UK ministers negotiate nuclear deal with Chinese and announces £2bn guarantee for Hinkley
The UK government is close to a nuclear deal with China which could pave the way for Chinese investment in three UK nuclear plants, including the first Chinese-designed nuclear power plant in the west.
Energy minister Amber Rudd - currently on a trade mission to China with Chancellor George Osborne - told the Financial Times the UK was close to a deal with China that could see initial Chinese investment in up to three UK nuclear power plants.
The deal - likely to be sealed during Chinese premier Li Keqiang’s state visit to the UK next month - would see China commit to investment in EDF’s Hinkley Point C, Somerset, and Sizewell, Suffolk, nuclear plants in exchange for a controlling stake in the planned nuclear plant in Bradwell, Essex.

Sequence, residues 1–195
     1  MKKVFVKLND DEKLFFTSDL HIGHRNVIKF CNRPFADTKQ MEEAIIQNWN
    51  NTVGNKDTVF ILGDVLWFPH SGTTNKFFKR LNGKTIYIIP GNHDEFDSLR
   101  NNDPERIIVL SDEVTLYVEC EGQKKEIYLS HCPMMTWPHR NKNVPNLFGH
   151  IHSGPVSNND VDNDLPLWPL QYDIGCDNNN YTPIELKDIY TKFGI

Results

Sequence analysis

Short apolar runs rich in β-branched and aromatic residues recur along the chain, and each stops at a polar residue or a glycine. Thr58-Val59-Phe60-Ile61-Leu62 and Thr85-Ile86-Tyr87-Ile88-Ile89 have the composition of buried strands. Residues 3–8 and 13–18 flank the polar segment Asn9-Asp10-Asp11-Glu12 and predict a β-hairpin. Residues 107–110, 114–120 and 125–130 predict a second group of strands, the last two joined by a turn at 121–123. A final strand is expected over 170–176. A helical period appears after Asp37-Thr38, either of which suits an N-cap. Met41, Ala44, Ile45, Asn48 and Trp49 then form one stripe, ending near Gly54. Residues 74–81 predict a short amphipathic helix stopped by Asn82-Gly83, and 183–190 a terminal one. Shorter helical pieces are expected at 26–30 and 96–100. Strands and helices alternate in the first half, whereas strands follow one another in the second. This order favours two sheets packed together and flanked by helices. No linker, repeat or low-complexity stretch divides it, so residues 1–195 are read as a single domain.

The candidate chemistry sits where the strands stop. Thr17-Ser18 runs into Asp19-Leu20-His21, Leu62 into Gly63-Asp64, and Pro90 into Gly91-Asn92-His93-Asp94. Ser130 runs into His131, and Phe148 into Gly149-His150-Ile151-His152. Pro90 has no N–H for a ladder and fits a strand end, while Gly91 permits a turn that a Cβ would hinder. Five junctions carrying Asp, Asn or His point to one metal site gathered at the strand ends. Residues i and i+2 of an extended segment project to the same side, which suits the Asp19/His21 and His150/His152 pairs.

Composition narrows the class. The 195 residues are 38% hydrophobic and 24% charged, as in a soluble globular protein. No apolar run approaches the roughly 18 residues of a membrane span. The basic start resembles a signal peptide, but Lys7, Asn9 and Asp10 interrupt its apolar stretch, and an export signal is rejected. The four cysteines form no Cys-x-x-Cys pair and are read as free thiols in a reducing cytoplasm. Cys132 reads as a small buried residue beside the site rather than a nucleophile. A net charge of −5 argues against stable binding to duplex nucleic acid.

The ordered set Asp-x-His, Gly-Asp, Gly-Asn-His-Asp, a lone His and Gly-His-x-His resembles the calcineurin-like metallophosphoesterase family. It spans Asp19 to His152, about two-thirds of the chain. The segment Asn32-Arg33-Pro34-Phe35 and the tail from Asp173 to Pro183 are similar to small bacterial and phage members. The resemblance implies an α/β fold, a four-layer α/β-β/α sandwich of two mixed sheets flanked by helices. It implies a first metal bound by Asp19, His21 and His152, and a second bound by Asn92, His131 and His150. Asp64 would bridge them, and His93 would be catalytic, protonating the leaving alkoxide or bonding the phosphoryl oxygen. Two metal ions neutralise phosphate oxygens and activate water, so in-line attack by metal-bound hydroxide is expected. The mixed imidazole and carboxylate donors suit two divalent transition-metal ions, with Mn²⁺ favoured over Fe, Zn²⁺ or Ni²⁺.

The Chinese are eyeing making Bradwell nuclear plant the first Chinese-built and operated reactor in the west.
Rudd told the FT China would “definitely be a part” of building Britain’s next generation of nuclear power stations.
The news came as George Osborne announced £2bn of government loan guarantees for Hinkley Point C.
The Treasury said it hoped the commitment would “pave the way” for a final investment decision by French state-owned EDF to build Hinkley Point C - a decision that has been repeatedly delayed.
Osborne said: “Britain was the home to the very first civil nuclear power stations in the world and I am determined that we now lead the way again.
“Nuclear power is cost competitive with other low carbon technology and is a crucial part of our energy mix, along with new sources of power such as shale gas.”